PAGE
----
Fashion Industry and Eating Disorder Recovery: Can You Be Successful in Both?
Social media takes a lot of heat for portraying a sense of negative body images, triggering images and constant comparisons and unhealthy relationships with food. However, it can be a great way to come together as a community, support each other, and ask questions. Christina Grasso and Ruthie Friedlander are two writers who connected over social media thanks to a shared background; they both worked in the fashion industry and have openly struggled with an eating disorder. Their shared background allowed them to become friends and co-founders when they launched a non-profit peer lead online support network for women in fashion and entertainment battling an eating disorder. The Chain was founded in December 2017 and is a safe place for this population to share their experiences and gain insights through conversation, support and community building. The Chain is just one of many ways to find help for an eating disorder. The Chain has collaborated with brands like Postmates, Chillhouse, Negative Underwear, and more, recently including Cynthia Rowley, all with the goal of destigmatizing eating disorders and ensuring that women struggling with an eating disorder do not feel alone or ashamed.
The fashion industry and body positivity
Co-founders Christina and Ruthie felt both isolated and accomplished after completing eating disorder treatment and found going from regular support meetings to having to deal with recovery alone was a scary and secluded transition. Additionally, Christina found that working in the fashion industry was discouraging for her eating disorder recovery since it is such an image-focused environment. The Chain developed as a way to stay healthy while still being able to work in the fashion industry, an industry that both Christina and Ruthie genuinely have a passion for. The co-founders host a variety of in-person events where members of this online community can come together, support each other and get creative. They hold closed events with designers and brands where individuals can come together and make bracelets, and they also host open events to the public where they work on educating the eating disorder community on things such as responsible media coverage, how to help a friend or colleague, and other practical, action-oriented topics. They also work closely with brands that advocate for body positivity and inclusivity in the fashion industry and will also work with other brands that struggle with how to adopt these values in hopes that they can help these brands understand the importance of how fashion and eating disorders and closely tied together.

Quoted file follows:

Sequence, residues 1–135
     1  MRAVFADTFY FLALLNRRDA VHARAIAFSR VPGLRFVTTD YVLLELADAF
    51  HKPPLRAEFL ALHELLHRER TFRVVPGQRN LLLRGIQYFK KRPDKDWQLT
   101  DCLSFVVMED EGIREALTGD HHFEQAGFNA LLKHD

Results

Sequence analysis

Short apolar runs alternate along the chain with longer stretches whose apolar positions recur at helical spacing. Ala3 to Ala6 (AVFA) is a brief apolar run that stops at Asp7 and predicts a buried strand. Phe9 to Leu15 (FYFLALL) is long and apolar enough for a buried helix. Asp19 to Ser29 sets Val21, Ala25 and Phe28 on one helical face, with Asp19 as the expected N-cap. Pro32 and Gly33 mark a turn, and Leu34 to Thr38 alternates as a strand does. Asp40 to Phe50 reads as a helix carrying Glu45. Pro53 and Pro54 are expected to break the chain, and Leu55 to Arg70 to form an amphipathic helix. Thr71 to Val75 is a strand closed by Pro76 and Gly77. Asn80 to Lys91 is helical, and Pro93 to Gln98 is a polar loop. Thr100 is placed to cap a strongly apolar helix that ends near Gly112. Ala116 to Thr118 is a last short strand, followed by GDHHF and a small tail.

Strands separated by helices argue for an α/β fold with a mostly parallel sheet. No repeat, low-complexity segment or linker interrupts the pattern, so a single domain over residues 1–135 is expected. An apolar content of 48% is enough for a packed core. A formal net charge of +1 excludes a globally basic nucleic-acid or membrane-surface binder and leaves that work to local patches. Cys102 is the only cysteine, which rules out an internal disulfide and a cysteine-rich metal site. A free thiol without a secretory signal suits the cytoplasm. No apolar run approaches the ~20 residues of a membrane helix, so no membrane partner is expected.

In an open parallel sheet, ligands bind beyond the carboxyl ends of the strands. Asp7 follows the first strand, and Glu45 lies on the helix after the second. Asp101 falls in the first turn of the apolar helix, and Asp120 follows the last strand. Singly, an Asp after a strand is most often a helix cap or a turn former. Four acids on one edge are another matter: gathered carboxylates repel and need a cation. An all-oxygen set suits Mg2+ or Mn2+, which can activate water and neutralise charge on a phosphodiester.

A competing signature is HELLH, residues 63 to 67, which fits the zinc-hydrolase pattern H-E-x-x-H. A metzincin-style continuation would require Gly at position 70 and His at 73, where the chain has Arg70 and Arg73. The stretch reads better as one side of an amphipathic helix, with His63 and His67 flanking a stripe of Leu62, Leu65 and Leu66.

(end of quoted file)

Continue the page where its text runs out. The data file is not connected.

Eating disorders come in all shapes and sizes
An individual does not need to look a certain way to have a severe eating disorder that warrants care, concern, and treatment. There is a false misconception that eating disorders always present as an emaciated, young, white female, when in fact eating disorders affect individuals from all walks of life. Eating disorders are often invisible and can be deadly at any phase and as a result, those who are struggling need to be advocates and work hard to receive the proper treatment and care they need and deserve.
From the Founders
“If a brand/person has a desire to learn more about how their messaging affects women with eating disorders, or if a brand/person has a desire to speak about eating disorders, we’re here to help. While Christina and I are huge proponents of body diversity and body positivity, those two things are not always what we’re looking for in terms of commitment. We want to help brands get to that point — both internally and in a consumer-facing way. So sometimes, you may notice we team up with a brand that hasn’t been so great about featuring women of all sizes, or a brand that has yet to extend into size runs in a meaningful way. We’re proud to help these brands get to where they need to be and feel it’s our responsibility to work with brands that both get it and that want to get it”, according to both co-founders.